‘Kamikaze:’ the album to help forget ‘Revival’

Why Eminem is still the don of rap

Eminem is far from the pinnacle rapper of the modern era.

For the last ten years, Eminem has acted as though he’s chasing something greater and more tangible than continued success. It’s as if the rapper has been in a constant battle with his own ego, vying for a position as the premier rapper on the constantly growing scene. With each successive album came more watered down irrelevance that found Eminem sounding lost and angry for the simple sake of anger –– and not because he had anything important to say.

Listening to albums like “Relapse” and “Recovery” was truly painful as a lifelong fan of Eminem. It couldn’t be clearer that Eminem had lost his way and had made it unclear if he would ever find a relevant voice against heavyweights like Kendrick Lamar. Eminem still seems angry at the changing music scene that, at the behest of Hollywood, is waking up to his backdoor racism, antisemitism and sexism that has run latent on so many of his prior releases.

Like a spoiled child, Eminem took to his usual bursts of lyrical prowess backed by been-there-done-that beats that sounded as boring as the prospect of a “Marshall Mathers LP 2” in 2013.

But it’s difficult to diminish his record as one of the seminal rap acts in the history of the genre. With 220 million worldwide album and single sales, Eminem has earned a seat at the table among the biggest and most talented acts in rap. With that type of legacy comes an immense amount of power and influence in the music industry and gives one the ability to make noise whenever thought fit.

Putting out a number one album with zero promotion is just the type of power Eminem wields, and he wants everyone to know it.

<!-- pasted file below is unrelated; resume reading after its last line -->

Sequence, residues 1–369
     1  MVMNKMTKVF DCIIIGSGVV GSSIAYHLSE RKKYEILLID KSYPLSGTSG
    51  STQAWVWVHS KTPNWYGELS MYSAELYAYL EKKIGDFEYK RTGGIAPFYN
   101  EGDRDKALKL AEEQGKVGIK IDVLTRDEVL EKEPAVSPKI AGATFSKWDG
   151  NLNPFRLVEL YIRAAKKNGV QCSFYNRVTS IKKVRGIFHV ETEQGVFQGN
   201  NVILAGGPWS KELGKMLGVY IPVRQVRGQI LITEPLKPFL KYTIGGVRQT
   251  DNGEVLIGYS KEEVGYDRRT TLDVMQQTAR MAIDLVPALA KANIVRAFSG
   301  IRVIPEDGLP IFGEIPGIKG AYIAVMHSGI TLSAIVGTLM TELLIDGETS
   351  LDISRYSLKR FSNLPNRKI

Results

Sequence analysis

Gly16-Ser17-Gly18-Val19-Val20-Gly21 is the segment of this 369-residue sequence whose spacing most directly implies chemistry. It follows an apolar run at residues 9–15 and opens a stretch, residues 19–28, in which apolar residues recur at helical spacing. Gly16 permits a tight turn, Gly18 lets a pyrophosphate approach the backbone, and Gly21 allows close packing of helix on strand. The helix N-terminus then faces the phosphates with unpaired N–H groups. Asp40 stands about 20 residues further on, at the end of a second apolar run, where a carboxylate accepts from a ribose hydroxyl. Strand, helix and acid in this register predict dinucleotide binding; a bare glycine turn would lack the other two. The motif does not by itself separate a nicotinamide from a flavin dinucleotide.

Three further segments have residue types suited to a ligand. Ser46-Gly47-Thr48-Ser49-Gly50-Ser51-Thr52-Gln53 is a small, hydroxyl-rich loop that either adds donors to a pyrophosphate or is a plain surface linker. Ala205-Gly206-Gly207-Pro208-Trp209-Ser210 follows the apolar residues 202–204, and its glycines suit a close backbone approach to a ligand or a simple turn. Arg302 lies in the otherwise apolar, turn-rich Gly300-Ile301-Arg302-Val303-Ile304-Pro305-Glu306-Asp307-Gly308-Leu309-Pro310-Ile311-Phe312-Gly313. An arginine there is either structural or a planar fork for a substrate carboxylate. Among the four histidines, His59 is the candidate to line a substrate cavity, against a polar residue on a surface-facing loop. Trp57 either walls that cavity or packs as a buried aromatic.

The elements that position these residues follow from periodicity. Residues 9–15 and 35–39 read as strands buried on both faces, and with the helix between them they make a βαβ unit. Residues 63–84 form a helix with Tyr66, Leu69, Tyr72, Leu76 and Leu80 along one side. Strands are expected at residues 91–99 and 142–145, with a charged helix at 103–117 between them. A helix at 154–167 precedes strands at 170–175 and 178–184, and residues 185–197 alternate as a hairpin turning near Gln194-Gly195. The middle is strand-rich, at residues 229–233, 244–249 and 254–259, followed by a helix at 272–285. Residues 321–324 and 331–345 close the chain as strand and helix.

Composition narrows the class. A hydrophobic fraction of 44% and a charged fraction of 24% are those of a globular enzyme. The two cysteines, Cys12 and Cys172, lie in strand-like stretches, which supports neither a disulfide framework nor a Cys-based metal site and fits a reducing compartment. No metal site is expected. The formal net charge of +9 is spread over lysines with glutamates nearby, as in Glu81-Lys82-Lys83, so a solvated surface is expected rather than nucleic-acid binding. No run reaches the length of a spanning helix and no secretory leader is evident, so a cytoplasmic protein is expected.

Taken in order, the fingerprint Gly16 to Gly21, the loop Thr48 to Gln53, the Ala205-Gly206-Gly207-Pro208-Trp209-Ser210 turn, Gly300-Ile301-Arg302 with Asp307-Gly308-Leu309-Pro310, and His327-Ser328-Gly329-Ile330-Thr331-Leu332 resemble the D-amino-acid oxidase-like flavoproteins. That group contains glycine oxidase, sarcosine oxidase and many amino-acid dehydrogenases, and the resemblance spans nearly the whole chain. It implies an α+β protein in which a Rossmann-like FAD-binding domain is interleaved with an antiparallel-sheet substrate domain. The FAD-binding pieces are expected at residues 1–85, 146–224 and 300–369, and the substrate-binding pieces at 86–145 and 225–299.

With “Kamikaze,” Eminem has resurrected a voice of anguish and all out rage that finally translates into an album that is some of the rapper’s best work in years. Eminem is beyond angry on “Kamikaze.” He focuses his rage towards those who’ve questioned his legacy as a rapper. While 2017’s “Revival” is among some of the weakest work in Eminem’s catalogue, “Kamikaze” displays Eminem’s voice that many thought was lost.

On the track “Greatest,” Eminem displays exceptional speed and diction that lays out an argument while simultaneously ending one. Eminem proves his chops are there and backs up any questions of his ability with a fiery zeal that permeates through each successive bar.

It’s a misguided and ill-informed route to remind Eminem and his fans that he “isn’t saying anything relevant” or is just flat out an “a-----e.” These affirmations are destined to be met with deaf ears that have been through the ringer spanning his 20 year career. Love him or hate him, Eminem garners respect amongst his peers whether it’s given, taken or earned.

Eminem boasts an ability to cut deep to the point of ruining careers. Just ask Ja Rule or The Game.

Eminem makes no qualms about who his anger is aimed at on “Kamikaze.” More intriguing than the sudden release of the album itself is the radiating lack of care the rapper shows for any and all other artists who he takes aim at.

Eminem doesn't want to start a war of words. His immense confidence in his ability to take a radio-dominating form of rap and rework it towards his own benefit wins the war before it begins.

Naming “Kamikaze” an album that turns Eminem’s career around falls short in several areas. For its shiny appeal and bright spots of elegance are others that feel bloated and misguided.

But “Kamikaze” burns bright in the spots that matter for Eminem. Eminem has plenty of tools at his disposal to refine and rework his sound to build off of what works and what doesn’t on “Kamikaze.”

Getting Lil Pump to concede to his own diss at the hands of Eminem on album opener “The Ringer” is as much feedback as Eminem will need.

Brian Evans is the senior arts editor and can be reached at brian.evans@ubspectrum.com and Twitter: @BrianEvansSpec


Brian Evans is a senior English major and The Spectrum's senior arts editor.